Mijn naam is Garcia
We have worked in the Amstelpark previously on the invitation of Zone2Source (Floriade Trash & Treasures). From the basis of this working period, we continue our research for Exploded View. Many spatial residues of the Floriade are still visible in the park. Should we just leave them or do they offer leads for the development of new scenarios? Archival research and fieldwork have led to the development of different strategies to provide the Floriade heritage with a new context, and to give a renewed experience of the park to its visitors.
By means of five temporary spatial interventions we have experimentally tested these strategies, for example in the French pavilion. By speaking with the managers who have been working in the park since the Floriade, we found out that one of the pavilions was buried shortly after the closing of the Floriade. Based on archival photos and field research we determined the presumed location of the French pavilion. With a group of archaeology students we have uncovered the entrance of the pavilion in one day. In the evening, the entrance was covered again with soil. The group of students and casual passer-bys have witnessed a remarkable finding. Through this and other interventions, the involved participants and regular visitors have briefly met the layered history of the park.
In a new phase, as part of the research project Exploded View, we search for a way to make the special history of the Floriade part of a visit to the Amstelpark. In a small but uniquely designed pavilion, Grace Kelly baptized a lily that was named after her in 1972. Recently this pavilion was demolished, which has made the spatial carrier as a memory of this happening disappear. Formerly this carrier did exist, but only a few people knew what the pavilion was built for originally. For a long time it was used as a place for picnics, blowing, hiding or resting in the park. What is a suitable way to make the layered history of the park visual, without elevating one layer above the other? Through a collage-like travel guide we want to make this diversity insightful and divisible from different perspectives.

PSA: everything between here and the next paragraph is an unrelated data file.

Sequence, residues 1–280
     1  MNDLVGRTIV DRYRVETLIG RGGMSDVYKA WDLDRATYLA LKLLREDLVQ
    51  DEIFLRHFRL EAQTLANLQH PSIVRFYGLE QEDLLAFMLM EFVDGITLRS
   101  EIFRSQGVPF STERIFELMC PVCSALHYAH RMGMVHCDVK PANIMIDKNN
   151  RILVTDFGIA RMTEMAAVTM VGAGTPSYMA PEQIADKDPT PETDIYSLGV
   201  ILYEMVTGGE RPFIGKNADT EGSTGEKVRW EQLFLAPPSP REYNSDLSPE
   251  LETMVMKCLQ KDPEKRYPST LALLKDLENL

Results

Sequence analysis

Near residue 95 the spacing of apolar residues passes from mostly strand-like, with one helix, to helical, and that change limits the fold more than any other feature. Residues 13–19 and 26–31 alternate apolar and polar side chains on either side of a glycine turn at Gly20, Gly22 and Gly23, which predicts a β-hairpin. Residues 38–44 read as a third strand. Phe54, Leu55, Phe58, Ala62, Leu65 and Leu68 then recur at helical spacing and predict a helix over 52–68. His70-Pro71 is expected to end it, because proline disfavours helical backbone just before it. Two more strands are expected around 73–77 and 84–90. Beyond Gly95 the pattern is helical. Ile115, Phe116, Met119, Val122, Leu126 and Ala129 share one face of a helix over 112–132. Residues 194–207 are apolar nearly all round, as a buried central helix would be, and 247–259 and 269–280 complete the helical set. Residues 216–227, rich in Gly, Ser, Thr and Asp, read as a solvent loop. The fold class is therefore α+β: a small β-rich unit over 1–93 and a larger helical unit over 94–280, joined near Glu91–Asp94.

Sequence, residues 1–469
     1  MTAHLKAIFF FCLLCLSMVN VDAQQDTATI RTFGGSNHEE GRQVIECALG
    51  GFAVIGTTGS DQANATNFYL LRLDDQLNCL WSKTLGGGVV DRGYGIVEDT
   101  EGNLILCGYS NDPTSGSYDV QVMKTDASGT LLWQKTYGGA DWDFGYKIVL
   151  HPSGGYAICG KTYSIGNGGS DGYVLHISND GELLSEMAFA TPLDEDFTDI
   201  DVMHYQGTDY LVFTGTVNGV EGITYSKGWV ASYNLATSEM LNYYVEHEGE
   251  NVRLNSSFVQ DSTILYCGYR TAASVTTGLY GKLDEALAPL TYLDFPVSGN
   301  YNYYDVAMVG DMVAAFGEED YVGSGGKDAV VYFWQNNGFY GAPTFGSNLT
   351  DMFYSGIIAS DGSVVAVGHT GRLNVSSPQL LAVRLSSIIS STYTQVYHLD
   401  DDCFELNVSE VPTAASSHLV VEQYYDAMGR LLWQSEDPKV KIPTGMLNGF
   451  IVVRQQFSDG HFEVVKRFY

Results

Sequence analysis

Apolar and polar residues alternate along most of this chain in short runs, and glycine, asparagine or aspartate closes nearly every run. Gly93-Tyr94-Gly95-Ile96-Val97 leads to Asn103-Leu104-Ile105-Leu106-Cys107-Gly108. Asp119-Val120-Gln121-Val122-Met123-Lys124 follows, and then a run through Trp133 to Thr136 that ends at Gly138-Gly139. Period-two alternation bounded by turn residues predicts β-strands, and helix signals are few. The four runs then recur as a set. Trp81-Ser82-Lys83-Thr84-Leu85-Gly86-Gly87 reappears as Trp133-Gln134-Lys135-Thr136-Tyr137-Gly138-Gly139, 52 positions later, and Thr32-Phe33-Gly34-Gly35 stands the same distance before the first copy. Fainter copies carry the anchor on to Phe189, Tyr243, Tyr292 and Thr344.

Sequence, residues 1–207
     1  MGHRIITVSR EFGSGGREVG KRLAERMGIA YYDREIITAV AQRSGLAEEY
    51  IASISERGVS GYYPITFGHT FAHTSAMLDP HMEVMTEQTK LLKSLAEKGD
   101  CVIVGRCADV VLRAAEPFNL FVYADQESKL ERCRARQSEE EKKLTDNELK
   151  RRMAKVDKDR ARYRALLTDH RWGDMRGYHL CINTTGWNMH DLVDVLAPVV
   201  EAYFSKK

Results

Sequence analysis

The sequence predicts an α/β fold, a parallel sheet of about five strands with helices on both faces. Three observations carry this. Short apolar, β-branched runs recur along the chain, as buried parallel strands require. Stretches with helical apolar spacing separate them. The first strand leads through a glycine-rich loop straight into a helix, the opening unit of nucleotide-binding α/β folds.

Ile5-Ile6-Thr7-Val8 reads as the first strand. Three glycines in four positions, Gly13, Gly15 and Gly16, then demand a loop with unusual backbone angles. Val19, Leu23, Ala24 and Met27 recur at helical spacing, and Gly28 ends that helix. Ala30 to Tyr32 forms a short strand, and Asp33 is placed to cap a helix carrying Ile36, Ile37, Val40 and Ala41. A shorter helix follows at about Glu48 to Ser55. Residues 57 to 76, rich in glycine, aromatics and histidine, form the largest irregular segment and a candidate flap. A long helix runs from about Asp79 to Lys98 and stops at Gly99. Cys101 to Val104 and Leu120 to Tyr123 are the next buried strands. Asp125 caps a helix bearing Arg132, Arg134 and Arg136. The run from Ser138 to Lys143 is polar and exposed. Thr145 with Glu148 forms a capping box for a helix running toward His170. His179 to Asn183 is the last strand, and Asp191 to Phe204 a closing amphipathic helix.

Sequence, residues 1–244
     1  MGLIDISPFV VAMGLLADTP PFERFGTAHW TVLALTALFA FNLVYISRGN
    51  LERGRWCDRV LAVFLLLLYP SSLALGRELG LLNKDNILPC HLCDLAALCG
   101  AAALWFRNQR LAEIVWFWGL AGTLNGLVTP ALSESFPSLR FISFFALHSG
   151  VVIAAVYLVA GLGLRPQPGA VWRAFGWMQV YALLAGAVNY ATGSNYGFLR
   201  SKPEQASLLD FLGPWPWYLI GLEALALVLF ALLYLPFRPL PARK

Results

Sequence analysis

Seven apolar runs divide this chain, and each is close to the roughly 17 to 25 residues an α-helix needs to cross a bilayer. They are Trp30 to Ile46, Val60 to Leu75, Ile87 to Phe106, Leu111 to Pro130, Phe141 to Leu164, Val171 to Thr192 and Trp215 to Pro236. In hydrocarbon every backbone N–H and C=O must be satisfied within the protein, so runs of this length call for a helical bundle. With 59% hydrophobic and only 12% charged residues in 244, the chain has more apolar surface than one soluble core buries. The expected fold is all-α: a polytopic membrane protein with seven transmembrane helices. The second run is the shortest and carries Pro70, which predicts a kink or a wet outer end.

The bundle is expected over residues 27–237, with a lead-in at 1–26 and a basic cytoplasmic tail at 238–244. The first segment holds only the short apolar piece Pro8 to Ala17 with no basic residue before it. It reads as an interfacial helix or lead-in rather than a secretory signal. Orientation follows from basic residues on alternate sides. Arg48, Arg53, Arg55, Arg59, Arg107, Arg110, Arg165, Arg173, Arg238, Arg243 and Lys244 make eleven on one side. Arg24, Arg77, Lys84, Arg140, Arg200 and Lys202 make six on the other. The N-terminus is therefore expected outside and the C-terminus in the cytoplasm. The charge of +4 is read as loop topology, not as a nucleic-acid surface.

Krijn Christiaansen (1978) and Cathelijne Montens (1978) both graduated from the Design Academy Eindhoven. In their design practice, they investigate the way in which public space and landscapes are made, used, experienced, formed and transformed by humans. The attention is not only focused on the physical manifestations of the (constructed) environment, but also includes the stories, myths, customs and actions that are enclosed in the space.
Christiaansen en Montens produced work for the provinces of Utrecht, Gelderland, Noord-Brabant and Drenthe, the municipalities of Amsterdam, Casablanca and Den Haag and the harbour of Rotterdam, amongst others. Their work is exhibited in a diversity of museums and galleries, including at the Stedelijk Museum Amsterdam, Museum Boijmans van Beuningen, Stroom Den Haag, Centraal Museum Utrecht and the Erasmushuis in Jakarta.
Meer informatie: www.kccm.nl